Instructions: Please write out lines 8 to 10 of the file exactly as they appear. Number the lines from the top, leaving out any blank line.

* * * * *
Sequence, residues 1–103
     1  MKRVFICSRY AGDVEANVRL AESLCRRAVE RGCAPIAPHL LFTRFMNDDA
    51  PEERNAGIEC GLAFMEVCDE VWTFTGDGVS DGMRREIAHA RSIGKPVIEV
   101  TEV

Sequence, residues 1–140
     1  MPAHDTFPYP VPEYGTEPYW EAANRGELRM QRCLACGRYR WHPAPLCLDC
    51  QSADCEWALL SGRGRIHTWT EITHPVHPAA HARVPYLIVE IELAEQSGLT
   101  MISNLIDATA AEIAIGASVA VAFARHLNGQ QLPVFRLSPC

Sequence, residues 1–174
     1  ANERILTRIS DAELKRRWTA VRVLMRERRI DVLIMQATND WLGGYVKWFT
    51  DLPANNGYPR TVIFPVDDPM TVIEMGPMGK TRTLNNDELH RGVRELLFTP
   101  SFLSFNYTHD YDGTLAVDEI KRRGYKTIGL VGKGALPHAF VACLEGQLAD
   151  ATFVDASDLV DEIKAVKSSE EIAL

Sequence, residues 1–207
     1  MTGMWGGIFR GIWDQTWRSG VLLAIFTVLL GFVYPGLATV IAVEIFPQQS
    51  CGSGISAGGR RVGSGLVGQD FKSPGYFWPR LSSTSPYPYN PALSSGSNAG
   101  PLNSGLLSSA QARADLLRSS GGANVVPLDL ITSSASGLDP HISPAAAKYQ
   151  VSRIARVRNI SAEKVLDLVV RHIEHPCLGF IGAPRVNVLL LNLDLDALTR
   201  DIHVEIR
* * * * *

   101  MISNLIDATA AEIAIGASVA VAFARHLNGQ QLPVFRLSPC

Sequence, residues 1–174
     1  ANERILTRIS DAELKRRWTA VRVLMRERRI DVLIMQATND WLGGYVKWFT